It’s 6 o’clock on a sunny weekend evening, and the line in front of Snowy Village Dessert Café is already snaking from the door toward the parking lot.

In a strip mall on “Food Street” – Richmond’s Alexandra Road – sandwiched between a Chinese restaurant and a laundromat, this Korean dessert destination has been attracting nightly line-ups since it opened in January.

Snowy Village specializes in two photogenic sweet treats that have been decorating locals’ Instagram feeds and fueling their sugar cravings: bingsoo, a Korean shaved ice dessert, and taiyaki, which are waffle-like pastries.

7SnowyVillage exterior IMG_6676
Richmond’s Snowy Village is part of an Asia-based chain (Photo: Carolyn B. Heller)

So What Exactly is Bingsoo?

Did you ever eat snow when you were a kid? Bingsoo is similar to that – except far more delicious. At Snowy Village, when you order a bingsoo, staff pile a metal bowl with a tower of creamy shaved ice that has the texture of fluffy snow. Your snowdrift-in-a-bowl is crowned with your choice of topping.

Snowy Village owner Jeff Song explained that, in Korea, bingsoo – or patbingsu, as it’s usually known – is a simple summertime dessert: a bowl of shaved ice topped with sweet red beans and condensed milk.

3Injeolmi bingsoo IMG_6697
Injeolmi bingsoo is topped with sweet rice cakes (Photo: Carolyn B. Heller)

Snowy Village’s innovations, Song said, are to add milk to the ice to make it creamier and to offer a wider variety of toppings.

Their process of shaving the ice makes it extra fluffy, he said, although when asked to describe the method in more detail, Song declined, saying it was their secret competitive advantage.

The Richmond shop is the first Canadian location of the Snowy Village chain. Launched in Korea about five years ago, the Snowy Village concept has taken off in China, which now has more than 75 locations. There are several branches in metropolitan Los Angeles and two in New York City.

In addition to the Richmond location, Song’s team recently opened a second branch on Vancouver’s Robson Street. They expect to expand to Coquitlam and Burnaby later this year.

Bingsoo Flavors

The bingsoo menu at Snowy Village is divided into two categories: “Snow Ice Bingsoo” and “Fruit Bingsoo.” In the first category, the most popular flavors, according to Song, are injeolmi and green tea.

5Injeolmi bingsoo inside IMG_6706
The shaved ice has the texture of fluffy snow (Photo: Carolyn B. Heller)

Injeolmi are sweet chewy rice cakes, similar to Japanese mochi, that are scattered over the snow. Soft red beans are piled on top and the whole thing is dusted with a sweetened soybean powder, which adds an almost nutty flavor.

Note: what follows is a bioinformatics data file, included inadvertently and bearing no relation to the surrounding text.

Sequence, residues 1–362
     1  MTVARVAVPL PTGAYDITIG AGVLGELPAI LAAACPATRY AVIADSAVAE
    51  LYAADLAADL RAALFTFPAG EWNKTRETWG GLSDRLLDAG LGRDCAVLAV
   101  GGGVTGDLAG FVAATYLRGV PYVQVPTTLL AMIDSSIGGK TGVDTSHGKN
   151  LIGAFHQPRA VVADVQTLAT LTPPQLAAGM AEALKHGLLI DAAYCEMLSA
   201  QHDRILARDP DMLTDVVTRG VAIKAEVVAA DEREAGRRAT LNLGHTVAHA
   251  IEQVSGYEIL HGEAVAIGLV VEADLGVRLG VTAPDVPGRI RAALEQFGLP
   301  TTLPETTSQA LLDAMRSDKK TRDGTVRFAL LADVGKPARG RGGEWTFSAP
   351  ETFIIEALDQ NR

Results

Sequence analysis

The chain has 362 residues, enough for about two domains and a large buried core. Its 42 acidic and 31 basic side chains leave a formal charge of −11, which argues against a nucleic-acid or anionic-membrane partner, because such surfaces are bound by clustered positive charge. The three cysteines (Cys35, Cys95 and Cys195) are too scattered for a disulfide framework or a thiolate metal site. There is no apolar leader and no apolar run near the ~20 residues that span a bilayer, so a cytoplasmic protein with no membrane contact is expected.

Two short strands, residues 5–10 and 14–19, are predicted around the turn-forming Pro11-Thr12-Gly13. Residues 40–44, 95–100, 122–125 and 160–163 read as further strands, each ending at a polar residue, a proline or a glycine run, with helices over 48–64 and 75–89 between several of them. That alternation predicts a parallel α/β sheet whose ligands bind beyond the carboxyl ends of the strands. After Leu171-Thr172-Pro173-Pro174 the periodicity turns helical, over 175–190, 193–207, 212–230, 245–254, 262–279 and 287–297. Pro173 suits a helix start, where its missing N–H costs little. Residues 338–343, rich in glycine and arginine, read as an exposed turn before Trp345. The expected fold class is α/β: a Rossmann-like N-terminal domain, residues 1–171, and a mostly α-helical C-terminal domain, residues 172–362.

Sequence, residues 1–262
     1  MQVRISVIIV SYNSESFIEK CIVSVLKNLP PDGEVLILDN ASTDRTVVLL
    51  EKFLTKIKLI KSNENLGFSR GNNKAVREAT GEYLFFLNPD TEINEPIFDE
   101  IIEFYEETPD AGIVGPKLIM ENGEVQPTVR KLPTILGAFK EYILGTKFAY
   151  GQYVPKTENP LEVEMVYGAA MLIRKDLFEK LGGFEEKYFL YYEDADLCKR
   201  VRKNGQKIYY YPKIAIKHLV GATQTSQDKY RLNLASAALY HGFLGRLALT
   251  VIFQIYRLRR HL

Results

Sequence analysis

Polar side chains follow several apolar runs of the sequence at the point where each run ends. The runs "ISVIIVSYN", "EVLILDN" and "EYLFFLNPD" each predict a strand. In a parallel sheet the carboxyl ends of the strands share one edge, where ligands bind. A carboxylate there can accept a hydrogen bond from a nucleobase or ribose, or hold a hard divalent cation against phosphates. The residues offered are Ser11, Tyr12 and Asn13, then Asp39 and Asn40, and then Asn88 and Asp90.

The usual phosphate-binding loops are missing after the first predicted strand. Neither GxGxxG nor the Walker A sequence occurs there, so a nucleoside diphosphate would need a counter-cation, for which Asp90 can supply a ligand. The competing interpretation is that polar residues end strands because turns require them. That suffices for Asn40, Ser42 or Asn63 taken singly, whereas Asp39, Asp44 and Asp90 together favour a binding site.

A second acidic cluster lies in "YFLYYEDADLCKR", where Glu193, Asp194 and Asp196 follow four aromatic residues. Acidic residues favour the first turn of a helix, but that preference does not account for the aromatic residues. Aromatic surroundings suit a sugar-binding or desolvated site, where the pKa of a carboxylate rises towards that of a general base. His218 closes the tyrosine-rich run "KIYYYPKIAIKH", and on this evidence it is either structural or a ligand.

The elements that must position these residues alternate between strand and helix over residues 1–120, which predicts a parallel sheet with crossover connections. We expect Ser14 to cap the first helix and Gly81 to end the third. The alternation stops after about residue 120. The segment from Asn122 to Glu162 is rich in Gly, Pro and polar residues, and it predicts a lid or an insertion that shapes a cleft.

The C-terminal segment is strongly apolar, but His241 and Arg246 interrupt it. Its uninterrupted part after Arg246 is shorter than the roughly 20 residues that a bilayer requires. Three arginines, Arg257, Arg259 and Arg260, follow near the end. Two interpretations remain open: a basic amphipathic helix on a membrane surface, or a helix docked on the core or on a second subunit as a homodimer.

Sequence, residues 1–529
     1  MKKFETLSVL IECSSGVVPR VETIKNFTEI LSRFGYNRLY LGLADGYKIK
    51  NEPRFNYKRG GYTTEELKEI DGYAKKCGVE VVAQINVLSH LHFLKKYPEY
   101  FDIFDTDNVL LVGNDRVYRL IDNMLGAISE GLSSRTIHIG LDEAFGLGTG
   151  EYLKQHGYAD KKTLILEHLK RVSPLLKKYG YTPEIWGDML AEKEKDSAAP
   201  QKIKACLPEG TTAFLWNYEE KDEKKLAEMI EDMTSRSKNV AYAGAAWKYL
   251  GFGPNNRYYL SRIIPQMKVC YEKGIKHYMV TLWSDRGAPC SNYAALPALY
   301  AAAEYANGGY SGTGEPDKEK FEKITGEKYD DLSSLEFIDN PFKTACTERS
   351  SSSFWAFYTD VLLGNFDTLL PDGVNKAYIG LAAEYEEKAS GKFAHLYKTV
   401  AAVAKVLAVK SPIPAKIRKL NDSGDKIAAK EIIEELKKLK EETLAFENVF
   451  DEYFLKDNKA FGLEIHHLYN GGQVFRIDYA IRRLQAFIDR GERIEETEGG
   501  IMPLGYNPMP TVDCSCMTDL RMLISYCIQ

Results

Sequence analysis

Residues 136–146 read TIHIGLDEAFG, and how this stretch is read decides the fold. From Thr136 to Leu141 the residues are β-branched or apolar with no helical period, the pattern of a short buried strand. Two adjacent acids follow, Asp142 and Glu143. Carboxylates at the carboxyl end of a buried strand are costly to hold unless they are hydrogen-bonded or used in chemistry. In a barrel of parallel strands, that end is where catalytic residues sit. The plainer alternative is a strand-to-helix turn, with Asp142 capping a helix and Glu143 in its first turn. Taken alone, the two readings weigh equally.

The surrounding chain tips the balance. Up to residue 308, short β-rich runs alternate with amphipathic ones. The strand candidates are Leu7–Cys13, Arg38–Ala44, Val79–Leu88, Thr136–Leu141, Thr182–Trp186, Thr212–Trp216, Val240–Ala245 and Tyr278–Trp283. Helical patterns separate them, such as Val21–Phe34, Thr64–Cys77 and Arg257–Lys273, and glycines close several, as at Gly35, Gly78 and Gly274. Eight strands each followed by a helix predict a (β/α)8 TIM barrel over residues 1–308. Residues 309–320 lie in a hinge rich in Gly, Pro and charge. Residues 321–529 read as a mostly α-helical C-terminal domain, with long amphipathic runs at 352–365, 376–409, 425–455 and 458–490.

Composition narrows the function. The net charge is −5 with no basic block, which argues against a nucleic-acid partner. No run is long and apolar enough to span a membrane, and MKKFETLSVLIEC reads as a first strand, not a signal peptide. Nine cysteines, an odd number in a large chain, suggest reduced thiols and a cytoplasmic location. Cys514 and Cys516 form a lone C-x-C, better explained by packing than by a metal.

1Green tea bingsoo IMG_7336
Green tea bingsoo at Snowy Village (Photo: Carolyn B. Heller)

The green tea bingsoo is sprinkled with green tea powder and topped with the same sweet red beans and a few squares of cake.

Less traditionally Korean flavors are also available, including Oreo, chocolate, and cheesecake (pictured below).

8Bingsoo samples IMG_6681
Sample bingsoo help you order (Photo: Carolyn B. Heller)

Among the fruit varieties – sweetened fruit that cascades down the snow – mango is the current favorite, Song said, with strawberry and blueberry running close behind.

And Taiyaki?

2Taiyaki1 IMG_7347 Taiyaki are crispy fish-shaped waffles (Photo: Carolyn B. Heller)

Picture a waffle shaped like a fish, and you’ve got the general idea of taiyaki, known in Korea as bungeoppang. Snowy Village uses the Japanese term, “taiyaki,” according to Song, because the Korean name, which translates roughly as “fish bread,” was too complicated for non-Koreans to pronounce.

The taiyaki at Snowy Village are a cross between a waffle and a croissant. Unlike traditional taiyaki that start with a liquid batter poured into a waffle maker, the Snowy Village version begins with croissant dough.

6Taiyaki maker IMG_7364
The taiyaki maker at Snowy Village (Photo: Carolyn B. Heller)

Staff add fillings, sprinkle with a large crystal sugar that the company imports from Japan, and fold the dough into a rectangular pocket. They press the dough into a waffle iron with frames that take the outline of a fish. The result? A hot, crispy fish-shaped pastry with a smooth filling inside.

9Taiyaki2 IMG_7341
Choose your taiyaki filling, too (Photo: Carolyn B. Heller)

In Asia, red beans typically fill taiyaki and bungeoppang. That traditional filling is available at Snowy Village, as is an injeolmi red bean, where the rice cakes melt into the bean mixture, making it deliciously sweet and gooey. Other filling options include a creamy sweet potato, nutella, and custard (which tastes more like packaged vanilla pudding).

How to Order at Snowy Village

Go inside the lime green storefront and put your name on the waiting list. There’s no place to wait inside, so come on a clear-weather day or prepare to huddle under your umbrella.

Once you get a table, step up to the counter to order. Choose your bingsoo flavor and size (regular $7-10, large $10-12). Two people could share one bingsoo, particularly if you also order taiyaki ($3.50 each, or three for $10), but no one would fault you for eating one yourself. You also choose the filling for your taiyaki.

They’ve got hot and iced coffee and tea drinks, too, but really, you’re here for the sweets.

Sit down, wait a few minutes, and the chipper, fast-moving servers, clad in aprons of the same vibrant green as the walls, will bring your order to your table. Dig in!

Tip: If the line-ups are too long, you can order your bingsoo to go ($10-14). Staff will pack it in an insulated bag that will keep it cool for about a half hour.